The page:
Tuesday, October 17, 2017

AT&T Tries to Downplay Its Cordcutting Problem -

AT&T is attempting to downplay concerns that the company's subscriber base is being eroded by cord cutting. The company began telling investors last week they should expect major subscriber losses this quarter, thanks to both competition and the rash of major Hurricanes in the Sourheast. AT&T's expected to lose 390,000 DirecTV and IPTV customers during this quarter. And while the company added 300,000 new users to its DirecTV Now streaming platform, those users pay significantly less money -- and the company still saw a net 90,000 TV subscriber loss.

That's notably worse than the net loss of 351,000 "traditional" video subscribers the company saw the quarter earlier, and not really the results many expected after AT&T spent countless billions on megamergers to purportedly help it better compete in the TV space.

AT&T stock took a beating on the news late last week, as investors began to question AT&T's video strategy. The company spent $70 billion to acquire a satellite TV provider on the eve of the cord cutting revolution, and another $85 billion to acquire Time Warner (the deal is expected to be formally approved sometime in the next month). But much of that money could have been spent to upgrade AT&T's lagging fixed-line broadband network, the slow speeds from which are driving many of these users to faster cable in the first place.

Granted, AT&T's failure to invest in its residential broadband network - and the slow but steady erosion due to cord cutting - isn't brought up by the company in a 8K filing with regulators.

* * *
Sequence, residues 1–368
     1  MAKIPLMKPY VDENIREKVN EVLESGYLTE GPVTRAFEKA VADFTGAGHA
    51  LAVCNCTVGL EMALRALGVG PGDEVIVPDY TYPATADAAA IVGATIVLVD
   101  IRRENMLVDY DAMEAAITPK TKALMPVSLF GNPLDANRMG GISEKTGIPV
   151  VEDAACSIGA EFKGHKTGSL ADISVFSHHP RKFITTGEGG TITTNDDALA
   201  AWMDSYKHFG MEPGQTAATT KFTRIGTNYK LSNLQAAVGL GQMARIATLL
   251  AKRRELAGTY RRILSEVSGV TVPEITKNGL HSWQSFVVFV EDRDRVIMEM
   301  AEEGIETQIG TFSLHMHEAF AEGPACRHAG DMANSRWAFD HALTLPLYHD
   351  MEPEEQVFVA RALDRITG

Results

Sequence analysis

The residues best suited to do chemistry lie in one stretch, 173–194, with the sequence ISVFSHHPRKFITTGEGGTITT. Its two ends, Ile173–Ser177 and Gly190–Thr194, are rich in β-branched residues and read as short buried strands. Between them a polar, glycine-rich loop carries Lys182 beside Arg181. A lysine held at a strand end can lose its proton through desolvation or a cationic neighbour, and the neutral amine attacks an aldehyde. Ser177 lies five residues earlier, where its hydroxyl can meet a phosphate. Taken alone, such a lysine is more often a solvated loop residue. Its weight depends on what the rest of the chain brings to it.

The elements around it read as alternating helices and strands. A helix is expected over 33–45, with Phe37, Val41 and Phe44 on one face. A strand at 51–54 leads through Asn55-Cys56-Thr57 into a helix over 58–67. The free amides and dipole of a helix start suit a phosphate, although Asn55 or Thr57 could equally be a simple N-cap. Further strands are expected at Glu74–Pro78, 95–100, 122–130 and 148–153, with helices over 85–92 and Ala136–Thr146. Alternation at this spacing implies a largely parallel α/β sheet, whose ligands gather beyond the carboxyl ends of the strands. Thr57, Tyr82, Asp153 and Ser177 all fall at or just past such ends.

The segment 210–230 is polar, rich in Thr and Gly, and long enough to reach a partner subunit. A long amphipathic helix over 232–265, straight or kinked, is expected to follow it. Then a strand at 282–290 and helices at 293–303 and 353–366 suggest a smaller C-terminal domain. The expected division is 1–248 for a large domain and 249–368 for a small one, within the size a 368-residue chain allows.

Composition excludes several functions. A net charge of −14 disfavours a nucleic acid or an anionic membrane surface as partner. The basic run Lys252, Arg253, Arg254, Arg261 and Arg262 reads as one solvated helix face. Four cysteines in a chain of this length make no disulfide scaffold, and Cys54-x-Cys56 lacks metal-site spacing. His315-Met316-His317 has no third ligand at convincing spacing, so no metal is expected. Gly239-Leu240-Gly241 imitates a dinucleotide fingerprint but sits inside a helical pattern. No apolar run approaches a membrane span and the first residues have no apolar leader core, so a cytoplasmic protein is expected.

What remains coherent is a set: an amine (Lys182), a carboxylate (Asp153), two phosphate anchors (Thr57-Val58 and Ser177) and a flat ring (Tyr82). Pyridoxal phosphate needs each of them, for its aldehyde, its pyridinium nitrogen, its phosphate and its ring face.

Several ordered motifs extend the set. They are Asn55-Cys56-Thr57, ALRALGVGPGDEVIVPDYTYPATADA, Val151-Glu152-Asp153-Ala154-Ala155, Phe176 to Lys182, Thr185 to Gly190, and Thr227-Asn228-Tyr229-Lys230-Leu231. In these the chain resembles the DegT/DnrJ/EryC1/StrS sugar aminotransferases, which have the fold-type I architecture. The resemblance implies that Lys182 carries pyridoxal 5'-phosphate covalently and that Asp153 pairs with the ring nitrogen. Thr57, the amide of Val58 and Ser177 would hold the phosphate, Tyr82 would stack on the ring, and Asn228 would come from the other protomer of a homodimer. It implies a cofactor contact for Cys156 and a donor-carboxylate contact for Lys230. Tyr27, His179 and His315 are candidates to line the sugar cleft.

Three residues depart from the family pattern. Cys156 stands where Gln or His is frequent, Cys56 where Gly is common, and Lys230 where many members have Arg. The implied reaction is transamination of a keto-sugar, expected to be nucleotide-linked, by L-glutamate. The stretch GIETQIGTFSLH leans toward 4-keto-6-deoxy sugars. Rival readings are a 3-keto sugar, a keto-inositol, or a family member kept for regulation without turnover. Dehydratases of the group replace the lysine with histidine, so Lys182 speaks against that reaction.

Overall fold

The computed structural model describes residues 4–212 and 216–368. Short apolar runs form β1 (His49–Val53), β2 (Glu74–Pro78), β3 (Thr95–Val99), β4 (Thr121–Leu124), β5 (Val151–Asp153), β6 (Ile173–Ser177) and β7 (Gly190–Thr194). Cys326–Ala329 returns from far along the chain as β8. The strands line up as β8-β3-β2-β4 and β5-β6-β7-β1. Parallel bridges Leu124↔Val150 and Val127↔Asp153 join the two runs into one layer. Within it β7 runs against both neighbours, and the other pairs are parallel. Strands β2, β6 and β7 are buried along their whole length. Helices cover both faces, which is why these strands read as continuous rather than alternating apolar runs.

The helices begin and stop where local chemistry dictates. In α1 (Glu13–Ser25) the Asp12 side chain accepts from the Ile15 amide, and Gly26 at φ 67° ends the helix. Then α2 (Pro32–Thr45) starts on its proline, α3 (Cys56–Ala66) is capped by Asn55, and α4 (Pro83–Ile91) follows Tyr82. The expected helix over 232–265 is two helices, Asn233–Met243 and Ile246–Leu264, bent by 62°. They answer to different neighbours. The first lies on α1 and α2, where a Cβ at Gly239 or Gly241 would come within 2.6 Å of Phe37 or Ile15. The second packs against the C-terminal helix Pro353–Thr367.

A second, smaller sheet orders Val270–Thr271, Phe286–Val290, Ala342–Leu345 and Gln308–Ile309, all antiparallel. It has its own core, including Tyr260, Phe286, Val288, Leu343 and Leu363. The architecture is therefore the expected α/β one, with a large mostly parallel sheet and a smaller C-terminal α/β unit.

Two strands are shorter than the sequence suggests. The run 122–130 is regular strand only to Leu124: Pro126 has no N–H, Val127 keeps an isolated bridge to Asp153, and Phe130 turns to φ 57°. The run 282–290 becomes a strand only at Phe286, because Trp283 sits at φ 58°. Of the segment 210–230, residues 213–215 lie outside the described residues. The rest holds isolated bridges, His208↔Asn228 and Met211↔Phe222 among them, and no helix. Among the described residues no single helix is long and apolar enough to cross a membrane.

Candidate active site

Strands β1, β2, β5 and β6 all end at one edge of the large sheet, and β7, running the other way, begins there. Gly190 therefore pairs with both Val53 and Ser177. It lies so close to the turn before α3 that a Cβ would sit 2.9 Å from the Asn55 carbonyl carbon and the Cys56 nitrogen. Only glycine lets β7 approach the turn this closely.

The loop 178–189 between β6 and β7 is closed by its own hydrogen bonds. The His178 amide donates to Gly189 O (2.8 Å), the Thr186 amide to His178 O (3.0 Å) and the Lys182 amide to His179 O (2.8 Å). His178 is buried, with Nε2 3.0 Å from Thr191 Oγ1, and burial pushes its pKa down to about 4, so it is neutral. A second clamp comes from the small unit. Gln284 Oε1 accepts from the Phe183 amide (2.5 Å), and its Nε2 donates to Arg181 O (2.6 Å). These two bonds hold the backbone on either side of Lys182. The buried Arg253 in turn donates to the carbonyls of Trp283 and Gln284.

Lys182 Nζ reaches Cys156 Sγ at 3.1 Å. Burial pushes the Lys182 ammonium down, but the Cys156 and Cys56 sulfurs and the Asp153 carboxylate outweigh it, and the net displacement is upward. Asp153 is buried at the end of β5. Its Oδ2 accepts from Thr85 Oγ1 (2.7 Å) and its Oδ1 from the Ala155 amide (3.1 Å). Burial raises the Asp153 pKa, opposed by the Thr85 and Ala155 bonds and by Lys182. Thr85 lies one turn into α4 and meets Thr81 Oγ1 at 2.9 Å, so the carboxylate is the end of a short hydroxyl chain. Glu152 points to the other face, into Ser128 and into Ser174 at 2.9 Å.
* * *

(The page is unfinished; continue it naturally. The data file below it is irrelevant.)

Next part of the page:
"The video net losses were driven by heightened competition in traditional pay TV markets and over-the-top services, hurricanes and our stricter credit standards," AT&T said. "The decline of traditional video subscribers negatively impacts our Entertainment Group revenues and margins, resulting in an adjusted consolidated operating income margin that will be essentially flat versus the year-ago third quarter."

Granted, some form of losses here are unavoidable. The traditional cable TV cash cow won't be around for ever, and the reality is that more competition means an end to refusing to compete on price. That message hasn't gotten yet through to executives at companies like Charter, who seem to think that endless rate hikes are somehow sustainable in the growing face of alternative streaming options.

AT&T deserves some credit for at least trying to adapt to the changing market with the launch of DirecTV Now, which has overcome many of its early technical headaches and has begun to slowly build momentum in the market. Still, DirecTV Now has yet to become profitable, meaning that even with adaptation traditional pay TV providers are in for a very rocky foreseeable future.

AT&T is expected to release its full third quarter earnings report on October 24.

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